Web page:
The Mexican Foreign Minister, Marcelo Ebrard (right), and the President of Argentina, Alberto Fernández, during the visit to Liomont's laboratory last February. Esteban Collazo / EFE
Millions of doses of the AstraZeneca vaccine against covid-19 that is manufactured in Latin America remain in storage and without a date to begin distribution. The delays have strained relations between the Mexican and Argentine partners, in what began as an ambitious agreement to distribute up to 250 million doses to the region. The businessman Hugo Sigman, owner of the mAbxience factory, in charge of the production of the active substance, has publicly distanced himself from the delays and has blamed the bottleneck on the shortage problems of the Mexican laboratory Liomont, which deals with packaging. .
"Each type of vaccine requires a series of specific equipment and supplies that, due to the high global demand, are now impossible to obtain quickly," said Sigman on his Twitter account, "this is, in fact, the problem he faced in Mexico. the Liomont laboratory ”. The Mexican pharmaceutical company has responded to EL PAÍS that "today it has a supply of all the necessary supplies, so the formulation and packaging is underway," although it has not specified a date for the vaccine to enter circulation.
It is not the first time that Sigman, president of Grupo Insud, publicly points to his Mexican counterparts. "Liomont has excellent laboratories and has done everything that had to be done, but it has run into a planetary problem that Europe also suffers: there is a lot of demand for supplies and little supply," he commented in an interview with this newspaper published last February. The crossing of statements this week has occurred in one of the worst moments of the pandemic for Argentina, which has seen infections rise to an average of 20,000 official cases per day, with a reduced availability of vaccines.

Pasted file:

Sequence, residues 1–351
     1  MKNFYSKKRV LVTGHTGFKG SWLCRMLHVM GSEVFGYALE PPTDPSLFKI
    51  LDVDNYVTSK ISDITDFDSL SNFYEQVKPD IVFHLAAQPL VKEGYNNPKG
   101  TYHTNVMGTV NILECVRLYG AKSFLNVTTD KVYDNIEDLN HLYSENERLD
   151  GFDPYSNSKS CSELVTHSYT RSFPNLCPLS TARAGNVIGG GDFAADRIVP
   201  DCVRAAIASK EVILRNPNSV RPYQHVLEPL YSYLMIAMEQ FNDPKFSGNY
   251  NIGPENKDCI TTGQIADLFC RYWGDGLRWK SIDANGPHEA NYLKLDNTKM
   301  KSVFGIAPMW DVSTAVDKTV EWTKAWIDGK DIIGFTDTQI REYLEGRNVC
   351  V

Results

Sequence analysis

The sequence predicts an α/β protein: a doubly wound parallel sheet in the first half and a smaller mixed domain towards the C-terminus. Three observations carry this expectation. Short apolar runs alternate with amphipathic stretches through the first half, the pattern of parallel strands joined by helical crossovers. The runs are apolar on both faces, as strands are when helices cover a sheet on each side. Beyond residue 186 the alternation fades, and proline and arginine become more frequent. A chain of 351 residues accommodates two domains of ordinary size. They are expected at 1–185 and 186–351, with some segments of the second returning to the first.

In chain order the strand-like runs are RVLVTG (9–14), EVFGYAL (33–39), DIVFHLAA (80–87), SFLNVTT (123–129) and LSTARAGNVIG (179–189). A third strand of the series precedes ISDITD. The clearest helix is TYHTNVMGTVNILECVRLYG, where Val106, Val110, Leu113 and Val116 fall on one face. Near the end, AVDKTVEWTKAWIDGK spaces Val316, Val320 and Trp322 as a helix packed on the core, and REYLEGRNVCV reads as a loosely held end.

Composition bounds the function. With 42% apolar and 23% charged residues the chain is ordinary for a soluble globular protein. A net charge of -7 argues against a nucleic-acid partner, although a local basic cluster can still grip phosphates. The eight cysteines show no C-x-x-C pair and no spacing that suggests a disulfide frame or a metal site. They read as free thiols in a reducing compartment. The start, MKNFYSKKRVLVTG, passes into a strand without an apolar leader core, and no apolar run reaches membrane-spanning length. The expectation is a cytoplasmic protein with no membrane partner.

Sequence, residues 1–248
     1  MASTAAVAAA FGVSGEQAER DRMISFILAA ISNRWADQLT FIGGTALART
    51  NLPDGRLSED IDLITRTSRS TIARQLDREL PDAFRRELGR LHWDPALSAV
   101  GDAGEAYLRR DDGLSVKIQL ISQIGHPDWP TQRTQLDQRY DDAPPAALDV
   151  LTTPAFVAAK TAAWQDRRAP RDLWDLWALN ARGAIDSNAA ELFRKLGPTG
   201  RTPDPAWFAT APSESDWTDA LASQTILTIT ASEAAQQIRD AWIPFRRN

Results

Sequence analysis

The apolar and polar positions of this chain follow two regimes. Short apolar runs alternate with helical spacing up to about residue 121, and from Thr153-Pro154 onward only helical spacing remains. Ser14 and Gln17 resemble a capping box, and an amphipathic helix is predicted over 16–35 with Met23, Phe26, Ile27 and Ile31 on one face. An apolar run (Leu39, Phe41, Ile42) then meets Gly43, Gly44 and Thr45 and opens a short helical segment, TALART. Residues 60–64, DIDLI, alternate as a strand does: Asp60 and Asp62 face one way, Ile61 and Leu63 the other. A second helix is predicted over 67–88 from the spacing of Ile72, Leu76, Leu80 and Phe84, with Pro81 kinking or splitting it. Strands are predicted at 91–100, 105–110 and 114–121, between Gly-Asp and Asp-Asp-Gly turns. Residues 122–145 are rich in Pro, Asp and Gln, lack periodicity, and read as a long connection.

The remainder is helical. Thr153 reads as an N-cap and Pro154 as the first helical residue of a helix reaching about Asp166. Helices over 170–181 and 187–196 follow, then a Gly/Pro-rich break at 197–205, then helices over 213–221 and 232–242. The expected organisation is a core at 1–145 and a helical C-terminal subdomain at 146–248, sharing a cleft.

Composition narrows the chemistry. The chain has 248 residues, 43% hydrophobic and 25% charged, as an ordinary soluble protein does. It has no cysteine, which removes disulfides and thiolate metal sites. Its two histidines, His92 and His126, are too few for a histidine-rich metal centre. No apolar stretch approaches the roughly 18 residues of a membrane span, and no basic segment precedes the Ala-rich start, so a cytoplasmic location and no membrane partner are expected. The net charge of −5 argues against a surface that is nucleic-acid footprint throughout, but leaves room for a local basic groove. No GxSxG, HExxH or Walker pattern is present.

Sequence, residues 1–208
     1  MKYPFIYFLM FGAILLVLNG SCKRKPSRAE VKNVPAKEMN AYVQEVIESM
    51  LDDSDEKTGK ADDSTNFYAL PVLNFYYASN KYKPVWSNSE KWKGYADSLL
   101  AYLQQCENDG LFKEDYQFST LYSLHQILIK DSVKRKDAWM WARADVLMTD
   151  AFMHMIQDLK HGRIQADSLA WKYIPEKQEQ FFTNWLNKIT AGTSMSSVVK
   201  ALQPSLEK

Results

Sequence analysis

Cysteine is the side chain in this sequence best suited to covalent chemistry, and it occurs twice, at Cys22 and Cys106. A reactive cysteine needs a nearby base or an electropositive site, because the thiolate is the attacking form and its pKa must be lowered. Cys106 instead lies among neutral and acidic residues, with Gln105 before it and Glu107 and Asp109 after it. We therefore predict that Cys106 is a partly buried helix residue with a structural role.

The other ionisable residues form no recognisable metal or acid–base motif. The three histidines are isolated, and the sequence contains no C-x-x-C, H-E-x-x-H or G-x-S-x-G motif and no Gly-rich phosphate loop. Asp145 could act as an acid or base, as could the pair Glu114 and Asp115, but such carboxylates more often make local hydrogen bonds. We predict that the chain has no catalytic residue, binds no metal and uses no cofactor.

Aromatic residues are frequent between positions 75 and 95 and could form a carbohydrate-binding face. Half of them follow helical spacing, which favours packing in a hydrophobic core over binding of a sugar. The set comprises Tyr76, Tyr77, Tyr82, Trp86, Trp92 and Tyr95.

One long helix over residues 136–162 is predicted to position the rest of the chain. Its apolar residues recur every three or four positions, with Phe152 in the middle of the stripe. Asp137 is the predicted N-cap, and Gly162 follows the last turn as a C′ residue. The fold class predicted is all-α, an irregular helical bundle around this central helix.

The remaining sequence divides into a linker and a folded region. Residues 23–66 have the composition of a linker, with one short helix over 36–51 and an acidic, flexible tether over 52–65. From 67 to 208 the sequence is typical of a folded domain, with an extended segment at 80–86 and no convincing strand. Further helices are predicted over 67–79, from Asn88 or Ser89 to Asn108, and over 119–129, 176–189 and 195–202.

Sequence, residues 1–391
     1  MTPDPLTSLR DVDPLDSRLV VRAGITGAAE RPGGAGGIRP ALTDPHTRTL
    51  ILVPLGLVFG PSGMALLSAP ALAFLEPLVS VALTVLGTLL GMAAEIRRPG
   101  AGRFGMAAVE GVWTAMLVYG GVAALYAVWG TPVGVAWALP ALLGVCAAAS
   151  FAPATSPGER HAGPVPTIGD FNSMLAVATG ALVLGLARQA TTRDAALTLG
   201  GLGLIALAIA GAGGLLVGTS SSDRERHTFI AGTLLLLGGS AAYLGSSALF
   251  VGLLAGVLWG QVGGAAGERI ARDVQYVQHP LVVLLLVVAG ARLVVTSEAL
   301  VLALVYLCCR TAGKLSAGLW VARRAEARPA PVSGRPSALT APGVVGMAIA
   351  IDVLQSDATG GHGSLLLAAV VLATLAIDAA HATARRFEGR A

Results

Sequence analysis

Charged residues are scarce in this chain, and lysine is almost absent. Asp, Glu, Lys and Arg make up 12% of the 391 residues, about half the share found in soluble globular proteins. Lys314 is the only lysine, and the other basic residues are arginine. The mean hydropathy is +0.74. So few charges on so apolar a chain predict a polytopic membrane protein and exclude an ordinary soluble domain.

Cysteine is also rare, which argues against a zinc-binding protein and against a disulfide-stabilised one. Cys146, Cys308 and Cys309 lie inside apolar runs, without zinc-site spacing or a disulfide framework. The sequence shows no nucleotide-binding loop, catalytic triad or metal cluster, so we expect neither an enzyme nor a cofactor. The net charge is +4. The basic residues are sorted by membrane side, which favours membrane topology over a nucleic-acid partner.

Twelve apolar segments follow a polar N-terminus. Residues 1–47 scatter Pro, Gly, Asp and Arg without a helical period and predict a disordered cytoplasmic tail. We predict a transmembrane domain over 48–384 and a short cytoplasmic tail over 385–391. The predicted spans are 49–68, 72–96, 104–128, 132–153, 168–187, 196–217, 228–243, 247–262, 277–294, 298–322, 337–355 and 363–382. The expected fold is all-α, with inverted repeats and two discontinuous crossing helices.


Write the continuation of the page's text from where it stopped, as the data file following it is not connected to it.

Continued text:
Sigman even assured that many people have asked him why his companies do not package the vaccines directly in Argentina. "As I pointed out, mAbxience is not the owner of the active principle, it only manufactures it, so that it cannot dispose of it as if it belonged to it," wrote the businessman, in what reads like a dart to the founding of the Mexican magnate. Carlos Slim, who directly negotiated the agreement with AstraZeneca and apparently established that a partner from his country should be in charge of filling the vials.
Liomont defends that the task is not easy. "The technology transfer of a vaccine is a rigorous process that can take up to three years," says the laboratory and details that it was only last March when it finally received the license and the manufacturing permit. "In the case of the covid-19 vaccine, the technology transfer has been carried out in record time," says Liomont, who had refrained from commenting for weeks.